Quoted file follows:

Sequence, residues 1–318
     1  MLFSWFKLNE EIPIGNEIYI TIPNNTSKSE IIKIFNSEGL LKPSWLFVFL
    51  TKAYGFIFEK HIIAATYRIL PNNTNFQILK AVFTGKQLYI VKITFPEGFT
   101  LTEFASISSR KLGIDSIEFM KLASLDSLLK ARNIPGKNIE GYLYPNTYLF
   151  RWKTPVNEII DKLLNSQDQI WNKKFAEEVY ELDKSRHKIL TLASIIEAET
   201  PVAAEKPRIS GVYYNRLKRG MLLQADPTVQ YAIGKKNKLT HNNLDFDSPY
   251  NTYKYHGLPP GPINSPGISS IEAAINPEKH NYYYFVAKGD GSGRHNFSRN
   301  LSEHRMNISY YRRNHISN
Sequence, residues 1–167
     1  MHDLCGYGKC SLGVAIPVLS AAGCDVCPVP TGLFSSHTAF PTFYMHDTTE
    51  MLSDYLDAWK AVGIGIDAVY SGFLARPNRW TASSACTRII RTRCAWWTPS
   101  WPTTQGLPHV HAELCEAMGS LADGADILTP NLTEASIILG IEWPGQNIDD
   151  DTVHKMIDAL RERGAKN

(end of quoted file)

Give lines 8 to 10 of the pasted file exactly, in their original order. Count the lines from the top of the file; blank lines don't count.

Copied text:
   301  LSEHRMNISY YRRNHISN
Sequence, residues 1–167
     1  MHDLCGYGKC SLGVAIPVLS AAGCDVCPVP TGLFSSHTAF PTFYMHDTTE